# Validation Curve Interpretations for Decision Tree

I'm working on a machine learning class, and we're using supervised learning right now, starting with decision trees. I'm using the UCI Credit Card dataset (whether or not certain people will default in their payments due to past history).

Using a decision tree classifier for this attempt. Running a validation curve using scikit-learn, I'm getting a plot I'm not quite sure how to interpret. As you can see from the axes, the parameter is min_samples_leaf, and I'm varying it from 1 to 30 (by 2).

Based on this plot and some Googling, I believe the correct way to interpret this is that this dataset has high bias with no variance and nothing is really being learned. Or, in other words, decision trees are not a good algorithm for this dataset, since there doesn't really seem to be a trade-off.

For max depth, I'm getting a validation curve that looks like this:

Based on what I see here, there is quite a bit of bias at the smaller set, and more variance as the depth increases. Given that GridSearchCV returns an ideal max_depth of 5 and min_samples_leaf of 19. (edit: corrected numbers). Those numbers seem to indicate a very high bias, and there really is nothing to be learned here using decision trees.

Overall, based on the min_samples_leaf, I would hesitate to recommend a decision tree for this data set. However, the learning curve and the max_depth validation curve both seem to show there might be some value.

Puzzling to me is that the accuracy score (using metrics.accuracy_score and the ideal parameters from GridSearchCV) is 82%, which doesn't seem that bad. How do I reconcile these crappy validation curves with the accuracy score?

• both parameters min_samples_leaf and max_depth are not very important for decision trees, so it's not surprising not to see much variation (or not all) across different values:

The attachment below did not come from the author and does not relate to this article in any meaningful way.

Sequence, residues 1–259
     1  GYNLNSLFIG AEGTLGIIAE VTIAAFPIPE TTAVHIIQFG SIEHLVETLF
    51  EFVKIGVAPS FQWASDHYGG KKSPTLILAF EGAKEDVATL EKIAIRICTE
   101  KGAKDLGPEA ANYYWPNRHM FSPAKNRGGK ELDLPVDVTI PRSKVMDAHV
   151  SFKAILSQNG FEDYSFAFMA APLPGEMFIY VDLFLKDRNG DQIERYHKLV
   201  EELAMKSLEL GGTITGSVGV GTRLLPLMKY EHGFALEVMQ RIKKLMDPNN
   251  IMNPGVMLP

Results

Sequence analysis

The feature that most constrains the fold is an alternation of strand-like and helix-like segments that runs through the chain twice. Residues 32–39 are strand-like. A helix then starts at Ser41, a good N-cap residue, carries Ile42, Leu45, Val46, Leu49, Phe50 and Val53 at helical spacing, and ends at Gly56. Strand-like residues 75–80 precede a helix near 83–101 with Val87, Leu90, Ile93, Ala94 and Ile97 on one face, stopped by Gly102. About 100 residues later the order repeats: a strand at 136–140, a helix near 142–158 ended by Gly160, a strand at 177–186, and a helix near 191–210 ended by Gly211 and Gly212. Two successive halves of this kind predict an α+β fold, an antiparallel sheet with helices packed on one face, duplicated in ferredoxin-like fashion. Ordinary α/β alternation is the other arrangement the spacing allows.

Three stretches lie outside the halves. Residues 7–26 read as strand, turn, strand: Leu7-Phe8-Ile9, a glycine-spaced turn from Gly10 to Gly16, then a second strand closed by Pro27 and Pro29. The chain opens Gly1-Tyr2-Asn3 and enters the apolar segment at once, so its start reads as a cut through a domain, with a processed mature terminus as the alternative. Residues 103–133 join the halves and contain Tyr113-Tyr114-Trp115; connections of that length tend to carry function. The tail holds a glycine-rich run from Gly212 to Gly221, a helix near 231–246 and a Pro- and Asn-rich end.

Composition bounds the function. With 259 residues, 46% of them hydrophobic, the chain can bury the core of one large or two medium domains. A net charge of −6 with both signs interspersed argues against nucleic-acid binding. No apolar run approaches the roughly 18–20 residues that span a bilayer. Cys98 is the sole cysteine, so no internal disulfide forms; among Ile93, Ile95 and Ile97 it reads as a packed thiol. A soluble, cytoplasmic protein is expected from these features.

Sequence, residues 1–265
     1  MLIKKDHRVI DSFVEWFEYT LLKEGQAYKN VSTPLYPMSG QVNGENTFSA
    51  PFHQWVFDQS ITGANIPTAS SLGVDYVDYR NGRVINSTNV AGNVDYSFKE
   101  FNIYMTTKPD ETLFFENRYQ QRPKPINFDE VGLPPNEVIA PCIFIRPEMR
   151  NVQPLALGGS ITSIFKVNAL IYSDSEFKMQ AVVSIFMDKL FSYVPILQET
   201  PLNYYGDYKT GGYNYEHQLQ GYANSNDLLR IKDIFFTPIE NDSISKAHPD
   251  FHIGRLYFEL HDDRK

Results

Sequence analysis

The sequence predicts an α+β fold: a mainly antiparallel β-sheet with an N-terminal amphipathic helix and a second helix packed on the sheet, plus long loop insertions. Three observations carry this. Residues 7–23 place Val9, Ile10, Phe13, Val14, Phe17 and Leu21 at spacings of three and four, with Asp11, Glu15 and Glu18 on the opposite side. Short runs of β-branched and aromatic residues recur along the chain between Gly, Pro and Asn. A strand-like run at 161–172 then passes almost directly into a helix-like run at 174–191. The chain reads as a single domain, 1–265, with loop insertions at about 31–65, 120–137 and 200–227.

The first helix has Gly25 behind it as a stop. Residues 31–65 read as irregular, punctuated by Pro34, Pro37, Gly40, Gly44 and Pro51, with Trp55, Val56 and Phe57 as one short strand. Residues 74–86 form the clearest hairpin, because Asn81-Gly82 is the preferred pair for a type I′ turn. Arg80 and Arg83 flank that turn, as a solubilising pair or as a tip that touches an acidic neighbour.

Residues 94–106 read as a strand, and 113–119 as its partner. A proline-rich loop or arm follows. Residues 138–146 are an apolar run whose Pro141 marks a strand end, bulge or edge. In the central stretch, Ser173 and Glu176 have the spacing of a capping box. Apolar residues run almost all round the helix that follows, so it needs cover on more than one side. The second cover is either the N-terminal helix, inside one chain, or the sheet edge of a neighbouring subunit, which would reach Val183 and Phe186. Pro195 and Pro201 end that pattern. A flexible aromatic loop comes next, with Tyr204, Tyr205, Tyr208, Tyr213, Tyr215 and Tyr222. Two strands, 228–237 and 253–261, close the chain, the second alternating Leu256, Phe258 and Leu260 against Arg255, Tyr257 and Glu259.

• the fact that min_sample_leaf doesn't influence the performance simply means that the algorithm finds enough good predictors in the features to create leaves with a high number of instances, apparently always more than 30.
• I'm less sure about max_depth, but I assume that it's a parameter which is used to prune the tree in order to avoid overfitting. This is exactly what happens here as soon as it's increased above 5: the algorithm creates a deeper (more complex) tree by using very specific conditions on the features which turn out to be specific to the training set, hence the divergence between training score and CV score (that's a clear sign of overfitting).
• Value 5 for max_depth is indeed optimal, as seen on the second graph (due to overfitting with higher values). The value 19 returned by grid search for min_samples_leaf is as optimal as any other value between 1 and 30, as seen on the first graph: grid search just happened to pick this one but it doesn't have any impact anyway.